Since 1982 I've written a newsletter, Running Commentary. A new issue appears here each week, and material is archived.

Sun, 23 Jan 2005 09:05:22 -0500

Lydiard on LSD

RUNNING COMMENTARY 555

Somewhere Arthur Lydiard is shouting: "No, no, NO! You got it all wrong!" He always spoke in italics and exclamation points.

Published tributes labeled as "the father of LSD." He would say they LIBELED him by linking his name to long slow distance training.

I adopted parts of the Lydiard system soon after learning his name in 1960. Even these half-measures led to the best racing of my life, but they had little in common with what came to be known as LSD in my booklet by that title.

When first I met Lydiard, he had heard about the booklet, didn't like it and said so. He had spent the first half of his life perfecting a system. He would spend the second half protecting it against revisionists and explaining it to skeptics.

As far back as 1970 he saw me as a revisionist. He said without prompting as our first interview began, "Aren't you the one who wrote about L-S-D." He spit out those letters, one at a time, as if they left a bad taste in his mouth.

"Slow running is better than no running," he told me, "and it works fine for joggers. But my athletes do NOT run slow. They go as fast as they can without going into oxygen debt.

"And they do NOT run long all the time, but only during the endurance-building phase that lasts less than three months. They follow this with period of hill bounding, then sharpening with time trials and sprints."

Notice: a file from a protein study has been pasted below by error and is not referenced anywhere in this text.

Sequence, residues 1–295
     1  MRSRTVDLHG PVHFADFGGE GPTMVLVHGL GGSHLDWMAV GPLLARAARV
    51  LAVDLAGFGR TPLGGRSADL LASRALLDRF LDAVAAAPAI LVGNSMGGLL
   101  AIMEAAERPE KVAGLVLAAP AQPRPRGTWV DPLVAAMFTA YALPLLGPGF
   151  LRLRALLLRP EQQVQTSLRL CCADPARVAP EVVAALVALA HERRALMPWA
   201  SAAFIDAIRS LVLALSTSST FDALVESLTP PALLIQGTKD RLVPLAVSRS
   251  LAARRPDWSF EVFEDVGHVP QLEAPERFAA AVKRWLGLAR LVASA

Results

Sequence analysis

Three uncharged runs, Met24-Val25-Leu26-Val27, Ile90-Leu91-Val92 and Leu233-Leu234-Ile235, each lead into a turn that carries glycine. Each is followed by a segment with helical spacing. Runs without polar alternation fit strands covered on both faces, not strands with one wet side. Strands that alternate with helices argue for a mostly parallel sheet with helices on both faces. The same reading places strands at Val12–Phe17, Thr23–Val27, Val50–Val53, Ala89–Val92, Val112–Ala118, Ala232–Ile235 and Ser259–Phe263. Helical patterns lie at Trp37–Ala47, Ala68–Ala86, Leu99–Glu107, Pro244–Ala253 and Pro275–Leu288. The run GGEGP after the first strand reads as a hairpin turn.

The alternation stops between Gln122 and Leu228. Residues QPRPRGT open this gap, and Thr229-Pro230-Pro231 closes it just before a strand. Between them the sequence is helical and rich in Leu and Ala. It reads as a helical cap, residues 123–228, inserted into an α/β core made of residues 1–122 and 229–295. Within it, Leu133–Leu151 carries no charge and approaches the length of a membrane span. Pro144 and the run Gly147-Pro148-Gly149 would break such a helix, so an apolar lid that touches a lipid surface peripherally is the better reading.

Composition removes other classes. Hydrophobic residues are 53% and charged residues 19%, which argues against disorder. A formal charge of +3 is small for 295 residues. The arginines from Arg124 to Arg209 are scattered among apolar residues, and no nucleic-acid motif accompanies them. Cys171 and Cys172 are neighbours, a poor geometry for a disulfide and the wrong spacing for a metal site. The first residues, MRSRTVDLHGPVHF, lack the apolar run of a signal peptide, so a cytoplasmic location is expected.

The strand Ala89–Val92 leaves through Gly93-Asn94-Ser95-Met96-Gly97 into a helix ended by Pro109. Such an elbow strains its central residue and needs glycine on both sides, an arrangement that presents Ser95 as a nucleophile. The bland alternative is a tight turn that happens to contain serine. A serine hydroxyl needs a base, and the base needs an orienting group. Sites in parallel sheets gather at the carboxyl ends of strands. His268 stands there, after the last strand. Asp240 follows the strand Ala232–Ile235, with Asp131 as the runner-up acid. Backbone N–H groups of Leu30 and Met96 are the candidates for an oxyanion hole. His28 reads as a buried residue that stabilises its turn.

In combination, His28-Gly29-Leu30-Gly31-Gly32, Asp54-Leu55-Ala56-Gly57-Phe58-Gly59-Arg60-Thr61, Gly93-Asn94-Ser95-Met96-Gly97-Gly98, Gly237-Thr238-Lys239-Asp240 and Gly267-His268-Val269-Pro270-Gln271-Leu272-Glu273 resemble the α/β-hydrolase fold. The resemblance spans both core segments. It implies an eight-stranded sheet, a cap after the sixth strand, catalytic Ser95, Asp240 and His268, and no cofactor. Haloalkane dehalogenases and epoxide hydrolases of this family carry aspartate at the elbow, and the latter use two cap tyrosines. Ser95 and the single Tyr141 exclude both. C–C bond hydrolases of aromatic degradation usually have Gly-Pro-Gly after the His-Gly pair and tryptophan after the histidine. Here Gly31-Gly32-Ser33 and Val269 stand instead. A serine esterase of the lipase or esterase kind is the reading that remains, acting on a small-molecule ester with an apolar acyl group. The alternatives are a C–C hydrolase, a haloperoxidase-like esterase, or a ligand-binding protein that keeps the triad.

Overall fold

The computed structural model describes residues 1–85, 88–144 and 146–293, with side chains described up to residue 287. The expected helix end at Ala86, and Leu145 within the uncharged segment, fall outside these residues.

In the LSD booklet I'd taken pains not to pass off what I was doing and recommending as Lydiard-light. I gave him just four paragraphs of praise. (These came after I'd named another Arthur -- Newton -- "the father of LSD.")

Train slowly, race swiftly -- that's all I did then. I'd never run one 100-mile week, bounded a single hill, or (since embracing LSD) run an interval or time trial. That simple combination of slow training and fast racing worked fine for me, but it wasn't Lydiard. He made sure I knew that, then and later.

Only three more times the next three-plus decades was I in Arthur Lydiard's company. He reminded me each time that the early divorce of his ways from mine was final.

On his final tour of the U.S. last fall, Lydiard visit my hometown of Eugene. I couldn't get to his lecture but dropped by afterward.

He was seated -- a bow to his 87 years, four strokes and two knee replacements. Given that we hadn't connected since the 1980s, I didn't expect him to remember me. My first words were my name.

Without a moment's pause he asked, "Are you still promoting that L-S-D?" This was another dig, a gentle one this time. By now he was shaky in body but as firm as ever in his beliefs.

A photographer asked us for a picture together. Lydiard rose with difficulty and put his arm around my shoulder, both for support and in friendship. His full height didn't even reach mine, but he stood as tall as ever in my eyes.

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